Bob Clark’s A Christmas Story (1983) was one of the greatest holiday classics of all time. Set in the year 1940, the nostalgia-tinted vignettes in the life of nine-year-old Ralphie Parker (Peter Billingsley) is fun for all ages. A Christmas Story, like the other evergreen Christmas classic It’s a Wonderful Life (1946), received a muted reception during its initial release but achieved cult-classic status later in the 1990s. Bob Clark’s film was based on legendary American radio journalist and humorist Jean Shepherd’s semi-autobiographical childhood stories. Shepherd grew up in a small-town suburban Indiana during the Great Depression.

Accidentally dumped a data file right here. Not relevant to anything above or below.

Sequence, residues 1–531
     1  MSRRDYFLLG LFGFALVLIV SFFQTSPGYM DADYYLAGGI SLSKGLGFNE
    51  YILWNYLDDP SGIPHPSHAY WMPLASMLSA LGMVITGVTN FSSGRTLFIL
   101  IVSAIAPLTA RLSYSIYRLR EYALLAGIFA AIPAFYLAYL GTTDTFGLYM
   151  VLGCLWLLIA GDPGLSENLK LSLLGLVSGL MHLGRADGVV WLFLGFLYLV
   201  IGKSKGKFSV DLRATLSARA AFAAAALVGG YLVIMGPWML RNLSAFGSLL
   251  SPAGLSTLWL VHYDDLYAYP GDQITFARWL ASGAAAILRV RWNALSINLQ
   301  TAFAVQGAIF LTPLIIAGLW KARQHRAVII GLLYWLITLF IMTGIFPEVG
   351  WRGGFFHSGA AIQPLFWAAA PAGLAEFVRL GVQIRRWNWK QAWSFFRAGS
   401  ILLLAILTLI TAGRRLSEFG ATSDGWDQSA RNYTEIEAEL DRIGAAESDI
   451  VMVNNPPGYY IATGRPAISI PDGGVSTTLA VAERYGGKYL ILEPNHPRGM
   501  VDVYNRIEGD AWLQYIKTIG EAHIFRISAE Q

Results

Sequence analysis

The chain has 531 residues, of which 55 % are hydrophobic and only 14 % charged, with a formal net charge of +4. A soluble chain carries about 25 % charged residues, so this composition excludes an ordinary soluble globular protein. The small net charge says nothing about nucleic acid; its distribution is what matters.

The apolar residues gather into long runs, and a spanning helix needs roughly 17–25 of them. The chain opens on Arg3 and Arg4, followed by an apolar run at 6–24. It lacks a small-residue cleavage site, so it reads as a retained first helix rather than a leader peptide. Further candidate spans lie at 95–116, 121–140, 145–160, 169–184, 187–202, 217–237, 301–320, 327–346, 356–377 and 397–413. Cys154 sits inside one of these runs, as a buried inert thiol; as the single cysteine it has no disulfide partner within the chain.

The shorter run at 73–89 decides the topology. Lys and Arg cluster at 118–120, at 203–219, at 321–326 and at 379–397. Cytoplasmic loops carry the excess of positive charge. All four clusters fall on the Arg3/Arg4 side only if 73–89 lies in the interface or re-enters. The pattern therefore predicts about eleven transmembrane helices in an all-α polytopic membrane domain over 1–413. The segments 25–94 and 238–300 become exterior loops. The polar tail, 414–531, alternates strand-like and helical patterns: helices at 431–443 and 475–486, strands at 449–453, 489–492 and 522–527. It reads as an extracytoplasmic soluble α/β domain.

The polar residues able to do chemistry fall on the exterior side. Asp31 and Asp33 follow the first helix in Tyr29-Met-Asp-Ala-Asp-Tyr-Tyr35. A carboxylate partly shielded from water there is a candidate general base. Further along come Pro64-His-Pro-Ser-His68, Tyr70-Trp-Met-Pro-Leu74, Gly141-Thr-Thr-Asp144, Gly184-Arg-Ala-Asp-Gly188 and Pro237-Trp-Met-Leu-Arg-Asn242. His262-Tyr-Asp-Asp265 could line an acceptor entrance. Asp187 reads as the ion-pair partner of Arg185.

A Christmas Story is a great film because it understands childhood and human nature so well. Even if we haven’t grown up in suburban America or never celebrated Christmas, the film evokes a sweet kind of sadness in us. It’s like looking at a beautiful snow globe – only the warmth-inducing memories of childhood is trapped in the bubble while keeping the darkness at bay. Of course, memory and nostalgia are fragile things. However, A Christmas Story felt authentic because it stayed true to its characters and their circumstances. But when the film gained immense popularity, it also inadvertently became a commodity that promised cash flow in the name of sequels.